Trader Joe’s is known for its tropical tiki interior, friendly employees and affordable food.
The chain, founded in 1967, now has more than 400 stores that generate over $10 billion in sales, according to data from Progressive Grocer.
Some of that success could be laid at the feet of the chain’s well-known policy of encouraging an optimistic workplace for employees. Trader Joe’s has been praised for providing more generous pay than other grocery chains and benefits while simultaneously recouping the loss through higher sales and low turnover.
But according to a recent New York Times report, that may be changing. Thomas Nagle, a longtime employee of a Trader Joe’s in New York City, filed an unfair labor practices charge with the National Labor Relations Board regional office on Nov. 3 claiming that he was repeatedly admonished because managers deemed his demeanor and smile to not be completely “genuine.”
He was fired in September for an "overly negative" attitude, according to store managers.
Despite Nagle's charges, Trader Joe's says its promise to employees has been unchanged. “We are committed to maintaining a great and safe environment in which to work,” Trader Joe’s said in a statement. “We promote an open and honest environment that encourages questions, suggestions or concerns to be raised.”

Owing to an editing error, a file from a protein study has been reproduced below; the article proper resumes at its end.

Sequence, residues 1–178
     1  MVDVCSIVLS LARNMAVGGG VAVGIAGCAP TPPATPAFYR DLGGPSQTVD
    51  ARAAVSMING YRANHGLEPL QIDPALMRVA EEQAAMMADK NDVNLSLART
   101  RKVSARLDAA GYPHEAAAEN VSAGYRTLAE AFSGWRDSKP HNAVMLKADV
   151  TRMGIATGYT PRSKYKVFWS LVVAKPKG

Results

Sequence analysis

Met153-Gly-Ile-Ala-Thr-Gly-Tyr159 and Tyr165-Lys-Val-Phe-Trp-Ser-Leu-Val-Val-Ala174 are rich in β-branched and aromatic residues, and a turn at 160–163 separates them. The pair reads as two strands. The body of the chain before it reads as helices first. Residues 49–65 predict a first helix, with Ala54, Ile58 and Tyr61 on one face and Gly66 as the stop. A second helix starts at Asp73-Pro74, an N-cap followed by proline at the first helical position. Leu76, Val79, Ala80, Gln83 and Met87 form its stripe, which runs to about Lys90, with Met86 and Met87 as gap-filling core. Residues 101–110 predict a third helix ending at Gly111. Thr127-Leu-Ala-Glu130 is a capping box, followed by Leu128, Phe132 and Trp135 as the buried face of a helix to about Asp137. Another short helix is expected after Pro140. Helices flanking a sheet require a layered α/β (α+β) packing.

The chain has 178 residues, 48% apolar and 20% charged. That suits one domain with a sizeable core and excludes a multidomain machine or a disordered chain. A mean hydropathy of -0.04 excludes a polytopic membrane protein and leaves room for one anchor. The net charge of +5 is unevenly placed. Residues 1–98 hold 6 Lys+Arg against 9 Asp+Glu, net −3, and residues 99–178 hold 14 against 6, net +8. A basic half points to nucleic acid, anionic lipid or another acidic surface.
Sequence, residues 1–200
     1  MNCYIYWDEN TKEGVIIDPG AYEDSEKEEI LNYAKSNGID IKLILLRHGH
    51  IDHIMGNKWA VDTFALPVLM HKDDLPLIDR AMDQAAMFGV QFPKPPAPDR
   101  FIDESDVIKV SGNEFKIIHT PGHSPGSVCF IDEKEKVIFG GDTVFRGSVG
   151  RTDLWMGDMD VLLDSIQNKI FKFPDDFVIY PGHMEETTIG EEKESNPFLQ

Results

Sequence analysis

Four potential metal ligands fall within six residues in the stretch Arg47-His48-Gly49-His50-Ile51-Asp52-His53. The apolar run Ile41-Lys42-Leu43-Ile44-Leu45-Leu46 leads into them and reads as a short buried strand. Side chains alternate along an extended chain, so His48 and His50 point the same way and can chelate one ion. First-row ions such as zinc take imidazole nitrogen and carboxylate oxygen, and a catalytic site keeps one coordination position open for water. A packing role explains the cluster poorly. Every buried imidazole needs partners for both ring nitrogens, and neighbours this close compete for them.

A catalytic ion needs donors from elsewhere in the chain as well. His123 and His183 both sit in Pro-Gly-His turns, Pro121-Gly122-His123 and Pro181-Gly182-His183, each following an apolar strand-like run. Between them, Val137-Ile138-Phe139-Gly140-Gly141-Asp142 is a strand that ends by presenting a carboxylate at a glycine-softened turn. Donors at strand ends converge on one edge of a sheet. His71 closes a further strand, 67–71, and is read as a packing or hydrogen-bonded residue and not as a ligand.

Still, Nagle, who recorded several performance reviews with his managers and then made them available to the Times, described stockrooms piled with products that dropped on workers and severe fumes that sometimes drifted into the store and sickened some coworkers. He also claimed that managers appeared to harass workers for fun and would use the public address system to instruct them to stop talking to one another while stocking shelves.
Other employees in store locations in the Northeast and Middle Atlantic regions had similar complaints of stockroom hazards and poor behavior on the part of managers, the report claimed.
As conditions deteriorated at his store, Nagle says workers contacted organizers at the Retail, Wholesale and Department Store Union, who helped select Trader Joe's employees start pushing the case to co-workers for unionizing.
That union is now providing Nagle’s legal representation.